In August 2019, Iger announced that 20th Century Fox films such as Home Alone, Night at the Museum, Diary of a Wimpy Kid, and Cheaper by the Dozen will be "'reimagined' for 'a new generation'" exclusively for Disney+[79] by Fox Family.[80] Original episodic content will be released weekly, opposed to all at once[81] with the release time to be 12:01 a.m. PT on Fridays, starting November 15, 2019.[82]

Original unscripted content

Disney also plans original factual television content for the service, aiming to "find the ethos of Disney in everyday stories, inspiring hope and sparking the curiosity of audiences of all ages." Some of these series will have ties to Disney properties, including behind-the-scenes documentary miniseries focusing on Disney studios (such as one following the production of Frozen II),[71] the Disney-themed competition cooking competition Be Our Chef, Cinema Relics (a documentary series showcasing iconic costume and props from Disney films), Marvel's Hero Project (a series that will showcase "inspiring kids [that] have dedicated their lives to selfless acts of bravery and kindness"), and The Imagineering Story (a Leslie Iwerks-directed documentary series chronicling the history and work of Walt Disney Imagineering).[83][84] National Geographic is also producing Magic of the Animal Kingdom (a docuseries following the animal caretakers of Disney's Animal Kingdom and Epcot's aquarium) and The World According to Jeff Goldblum.[85]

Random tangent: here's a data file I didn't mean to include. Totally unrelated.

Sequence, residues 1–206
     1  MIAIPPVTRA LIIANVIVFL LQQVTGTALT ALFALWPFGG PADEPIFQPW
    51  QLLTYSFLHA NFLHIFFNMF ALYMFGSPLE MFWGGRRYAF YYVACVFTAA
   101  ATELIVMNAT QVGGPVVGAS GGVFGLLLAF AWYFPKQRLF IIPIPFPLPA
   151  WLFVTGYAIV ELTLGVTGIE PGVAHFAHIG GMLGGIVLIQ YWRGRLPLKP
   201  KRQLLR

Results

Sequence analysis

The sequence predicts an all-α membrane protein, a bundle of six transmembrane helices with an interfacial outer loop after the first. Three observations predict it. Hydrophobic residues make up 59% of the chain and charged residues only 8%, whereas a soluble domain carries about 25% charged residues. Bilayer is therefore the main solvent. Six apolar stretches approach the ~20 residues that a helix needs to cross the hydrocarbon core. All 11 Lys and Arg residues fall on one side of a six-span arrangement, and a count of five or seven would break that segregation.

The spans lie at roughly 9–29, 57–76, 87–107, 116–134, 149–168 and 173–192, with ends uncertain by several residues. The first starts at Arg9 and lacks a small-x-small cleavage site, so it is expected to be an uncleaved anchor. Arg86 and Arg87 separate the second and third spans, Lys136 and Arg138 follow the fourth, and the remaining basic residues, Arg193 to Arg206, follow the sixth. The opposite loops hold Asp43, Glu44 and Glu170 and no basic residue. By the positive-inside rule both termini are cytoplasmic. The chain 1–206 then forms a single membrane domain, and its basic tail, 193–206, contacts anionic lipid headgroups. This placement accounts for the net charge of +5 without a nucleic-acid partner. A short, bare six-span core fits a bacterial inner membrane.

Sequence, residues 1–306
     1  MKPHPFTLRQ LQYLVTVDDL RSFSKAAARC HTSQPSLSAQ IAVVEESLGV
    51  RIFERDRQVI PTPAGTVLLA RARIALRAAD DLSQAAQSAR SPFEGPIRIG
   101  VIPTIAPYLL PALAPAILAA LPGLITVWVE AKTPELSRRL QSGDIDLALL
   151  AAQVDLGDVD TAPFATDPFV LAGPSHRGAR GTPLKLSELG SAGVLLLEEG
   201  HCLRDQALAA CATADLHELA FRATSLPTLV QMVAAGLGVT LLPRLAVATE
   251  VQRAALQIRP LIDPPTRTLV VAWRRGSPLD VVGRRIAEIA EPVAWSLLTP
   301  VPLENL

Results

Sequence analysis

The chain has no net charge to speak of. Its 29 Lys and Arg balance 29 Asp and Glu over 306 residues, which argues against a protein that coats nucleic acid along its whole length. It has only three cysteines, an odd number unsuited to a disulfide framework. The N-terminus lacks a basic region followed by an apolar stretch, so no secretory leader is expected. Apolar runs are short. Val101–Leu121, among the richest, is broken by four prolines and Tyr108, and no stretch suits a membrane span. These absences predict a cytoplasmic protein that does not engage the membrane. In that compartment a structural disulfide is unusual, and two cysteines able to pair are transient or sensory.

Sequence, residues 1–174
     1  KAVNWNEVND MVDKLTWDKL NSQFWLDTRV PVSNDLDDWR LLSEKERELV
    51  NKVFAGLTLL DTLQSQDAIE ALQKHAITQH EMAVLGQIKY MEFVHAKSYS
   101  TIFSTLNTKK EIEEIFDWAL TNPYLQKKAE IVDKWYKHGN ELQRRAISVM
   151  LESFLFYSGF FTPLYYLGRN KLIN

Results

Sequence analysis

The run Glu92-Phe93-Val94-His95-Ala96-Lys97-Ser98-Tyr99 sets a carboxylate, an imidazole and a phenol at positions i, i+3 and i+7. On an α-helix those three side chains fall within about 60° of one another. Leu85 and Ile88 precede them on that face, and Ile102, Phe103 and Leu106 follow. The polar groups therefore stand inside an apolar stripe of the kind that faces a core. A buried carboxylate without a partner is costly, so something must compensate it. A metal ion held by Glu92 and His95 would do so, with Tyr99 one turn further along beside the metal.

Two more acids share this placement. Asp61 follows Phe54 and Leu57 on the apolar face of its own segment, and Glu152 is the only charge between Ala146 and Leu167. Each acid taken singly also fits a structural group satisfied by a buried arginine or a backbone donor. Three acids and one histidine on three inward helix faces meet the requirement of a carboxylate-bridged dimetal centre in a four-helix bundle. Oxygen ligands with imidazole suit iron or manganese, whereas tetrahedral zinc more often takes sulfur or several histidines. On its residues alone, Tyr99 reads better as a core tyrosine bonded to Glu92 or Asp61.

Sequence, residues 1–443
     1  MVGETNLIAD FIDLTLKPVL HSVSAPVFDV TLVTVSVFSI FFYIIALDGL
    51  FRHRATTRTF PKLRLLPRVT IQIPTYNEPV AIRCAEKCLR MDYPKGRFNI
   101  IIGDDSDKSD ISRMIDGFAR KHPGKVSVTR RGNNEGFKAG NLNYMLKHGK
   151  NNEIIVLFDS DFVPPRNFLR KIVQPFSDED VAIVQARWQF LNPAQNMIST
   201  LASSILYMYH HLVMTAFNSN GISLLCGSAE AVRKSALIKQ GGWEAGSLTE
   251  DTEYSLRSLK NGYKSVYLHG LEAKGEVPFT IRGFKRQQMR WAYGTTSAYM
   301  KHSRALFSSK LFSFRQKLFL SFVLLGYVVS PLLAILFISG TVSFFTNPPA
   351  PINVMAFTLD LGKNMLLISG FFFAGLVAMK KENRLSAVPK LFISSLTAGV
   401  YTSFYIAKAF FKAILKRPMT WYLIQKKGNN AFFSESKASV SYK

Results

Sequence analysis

Disney reached a two-year pact with the documentary studio Supper Club (Brian McGinn, David Gelb and Jason Sterman, producers of Netflix's Chef's Table) to produce content for the service, including the conservation-themed nature documentary series Earthkeepers, and a documentary series chronicling the cultural and societal impact of Marvel's characters. Other factual series include Encore! (a Kristen Bell-produced series that reunites casts from high school musical productions to reprise their roles), (Re)Connect (a reality series produced by Kelly Ripa and Mark Consuelos' Milojo Productions), Rogue Trip (a travel series featuring Bob Woodruff and his son Mack), and the reality competition Shop Class.[83][84] On December 3, 2019, Disney+ announced the new Star Wars-based children's game show Jedi Temple Challenge to be hosted by Ahmed Best, who voiced Jar Jar Binks in the prequel trilogy.[86]

Device support and service features

Disney+ is available for streaming via web browsers on PC and Mac, as well as apps on Apple iOS devices and Apple TV, Android mobile devices and Android TV, Amazon devices such as Fire TV and Fire HD, Chromecast, Chromebook, Samsung smart TVs, LG smart TVs, Roku devices, Sky Q,[87] Now TV devices,[88] PlayStation 4, Xbox One, and Windows 10.[89][90] Content available on Disney+ is also listed in the Apple TV app.[91]